Farewell to Dame Miriam Dell

It is with great sadness that we announce the passing of our Patron, Dame Miriam Dell. 

Dame Miriam Dell ONZ DBE was the Patron of AWIS until her passing in March 2022. During her lifetime, she was a committed advocate for women's issues, honoured for her service with a CBE in 1975, a DBE (Dame Commander) in 1980 and appointed to the Order of New Zealand (ONZ) in 1993.

Dame Miriam was a regular at the AWIS conferences, and we enjoyed her frank and often hilarious thoughts on women's issues in STEM. In 2013, we launched our award for mentoring in her honour, which will continue to bear her name. 

Dame Miriam will be sadly missed by us all.

A career in science (in her own words!)

I graduated in 1944 from Auckland University College (as it was back then) with a BA majoring in History and Botany. I went on to do honours in Botany mainly because my brother had all the text books. I was pipped for a Senior Scholarship by Anne Wylie, a student from Otago. I got first class in my honours papers and was again pipped by Anne Wylie. We have been good friends ever since!!!!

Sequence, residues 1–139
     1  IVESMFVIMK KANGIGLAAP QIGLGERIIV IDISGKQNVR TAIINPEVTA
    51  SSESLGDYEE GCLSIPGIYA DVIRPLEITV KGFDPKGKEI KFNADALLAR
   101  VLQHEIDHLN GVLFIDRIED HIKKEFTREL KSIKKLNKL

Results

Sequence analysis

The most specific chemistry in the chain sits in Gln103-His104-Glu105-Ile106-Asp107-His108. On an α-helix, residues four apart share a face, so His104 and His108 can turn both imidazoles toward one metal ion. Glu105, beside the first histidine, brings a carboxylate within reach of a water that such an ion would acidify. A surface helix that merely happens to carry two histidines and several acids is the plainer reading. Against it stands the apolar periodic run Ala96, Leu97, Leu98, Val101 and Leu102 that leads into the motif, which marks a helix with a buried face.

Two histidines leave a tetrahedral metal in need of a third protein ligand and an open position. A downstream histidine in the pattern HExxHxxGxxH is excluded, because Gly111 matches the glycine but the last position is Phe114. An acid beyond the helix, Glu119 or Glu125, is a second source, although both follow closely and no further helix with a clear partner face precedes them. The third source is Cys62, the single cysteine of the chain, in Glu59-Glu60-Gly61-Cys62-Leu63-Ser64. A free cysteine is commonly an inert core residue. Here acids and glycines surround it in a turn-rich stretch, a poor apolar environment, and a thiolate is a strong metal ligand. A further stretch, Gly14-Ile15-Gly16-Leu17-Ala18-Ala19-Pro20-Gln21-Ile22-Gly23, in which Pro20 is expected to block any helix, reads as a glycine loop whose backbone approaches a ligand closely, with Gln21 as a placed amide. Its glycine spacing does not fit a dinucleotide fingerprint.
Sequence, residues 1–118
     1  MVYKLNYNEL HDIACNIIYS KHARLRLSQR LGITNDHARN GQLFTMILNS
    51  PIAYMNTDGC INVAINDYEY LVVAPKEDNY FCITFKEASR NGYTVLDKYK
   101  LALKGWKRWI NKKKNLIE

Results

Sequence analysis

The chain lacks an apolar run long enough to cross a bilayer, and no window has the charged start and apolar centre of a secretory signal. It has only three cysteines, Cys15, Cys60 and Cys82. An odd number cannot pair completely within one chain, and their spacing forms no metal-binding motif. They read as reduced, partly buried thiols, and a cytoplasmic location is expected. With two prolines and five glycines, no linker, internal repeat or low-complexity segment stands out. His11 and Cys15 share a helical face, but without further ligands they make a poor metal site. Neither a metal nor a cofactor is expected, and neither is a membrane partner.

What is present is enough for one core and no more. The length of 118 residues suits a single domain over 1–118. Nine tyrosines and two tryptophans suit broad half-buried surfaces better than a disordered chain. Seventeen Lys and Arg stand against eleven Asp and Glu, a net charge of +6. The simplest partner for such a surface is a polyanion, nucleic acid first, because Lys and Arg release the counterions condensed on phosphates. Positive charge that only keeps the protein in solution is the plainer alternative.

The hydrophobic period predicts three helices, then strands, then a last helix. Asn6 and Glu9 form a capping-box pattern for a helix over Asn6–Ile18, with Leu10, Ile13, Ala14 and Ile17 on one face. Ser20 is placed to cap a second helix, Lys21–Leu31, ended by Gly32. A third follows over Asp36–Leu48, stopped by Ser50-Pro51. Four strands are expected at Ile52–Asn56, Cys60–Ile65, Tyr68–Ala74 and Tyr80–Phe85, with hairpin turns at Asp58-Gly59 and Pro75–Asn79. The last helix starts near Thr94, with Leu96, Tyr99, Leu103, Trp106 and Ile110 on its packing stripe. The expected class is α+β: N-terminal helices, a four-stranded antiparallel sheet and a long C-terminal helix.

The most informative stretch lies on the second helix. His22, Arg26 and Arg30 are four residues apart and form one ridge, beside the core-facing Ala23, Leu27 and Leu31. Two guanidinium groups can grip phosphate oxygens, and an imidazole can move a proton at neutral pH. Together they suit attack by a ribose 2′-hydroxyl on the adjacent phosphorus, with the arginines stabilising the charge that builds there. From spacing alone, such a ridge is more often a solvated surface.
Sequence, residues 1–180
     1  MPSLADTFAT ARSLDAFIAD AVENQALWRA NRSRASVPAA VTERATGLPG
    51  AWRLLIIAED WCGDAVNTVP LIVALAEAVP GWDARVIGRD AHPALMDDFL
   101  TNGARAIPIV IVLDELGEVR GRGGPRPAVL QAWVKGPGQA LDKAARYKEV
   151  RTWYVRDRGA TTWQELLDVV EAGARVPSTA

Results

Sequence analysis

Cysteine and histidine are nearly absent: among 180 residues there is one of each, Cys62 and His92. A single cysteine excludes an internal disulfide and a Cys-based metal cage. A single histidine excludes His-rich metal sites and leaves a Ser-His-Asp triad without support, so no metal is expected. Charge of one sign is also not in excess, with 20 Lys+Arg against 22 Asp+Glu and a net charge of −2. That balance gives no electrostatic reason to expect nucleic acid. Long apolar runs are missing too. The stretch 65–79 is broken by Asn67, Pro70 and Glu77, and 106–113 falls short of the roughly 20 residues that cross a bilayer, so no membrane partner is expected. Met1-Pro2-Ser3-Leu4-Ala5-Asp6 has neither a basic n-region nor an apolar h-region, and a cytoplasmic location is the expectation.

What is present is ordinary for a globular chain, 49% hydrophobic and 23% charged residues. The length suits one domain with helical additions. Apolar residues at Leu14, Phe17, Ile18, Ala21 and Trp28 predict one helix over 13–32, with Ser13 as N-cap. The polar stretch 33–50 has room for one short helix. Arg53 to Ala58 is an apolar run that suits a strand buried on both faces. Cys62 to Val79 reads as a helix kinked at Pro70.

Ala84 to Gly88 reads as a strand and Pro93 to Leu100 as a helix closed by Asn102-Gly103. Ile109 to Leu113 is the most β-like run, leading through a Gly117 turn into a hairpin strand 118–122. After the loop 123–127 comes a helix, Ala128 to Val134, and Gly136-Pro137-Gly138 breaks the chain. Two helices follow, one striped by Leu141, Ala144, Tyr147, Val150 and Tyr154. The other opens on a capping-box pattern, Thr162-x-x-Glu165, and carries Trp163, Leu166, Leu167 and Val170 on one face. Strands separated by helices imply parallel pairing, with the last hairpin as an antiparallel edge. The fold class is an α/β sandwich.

When we moved to Wellington I wanted to finish my thesis so went up to Victoria to start the process. At that time there was some sort of feud between the Botany departments and the Professor would not let me continue with the research I had begun in Auckland. He insisted I take a paper in Statistics and would not approve my thesis subjects. So I became fed up and had a baby instead!!!!! So much for a career in Science.

However I had trained as a secondary school teacher and taught Science for many years. I taught also at night school to students in the pharmacy courses. Some of those students have had distinguished careers in Botany, much to my satisfaction.

My brother, Professor R.E.F. Matthews of Auckland University, was a brilliant scientist and a Fellow of the Royal Society of London as well as NZ. He also held many other important posts. My husband, Richard Dell, worked for his DSc after we were married in 1946 (there was no Ph.D. then!). He was a leading authority on Cephalopods among many other things and Director of the National Museum.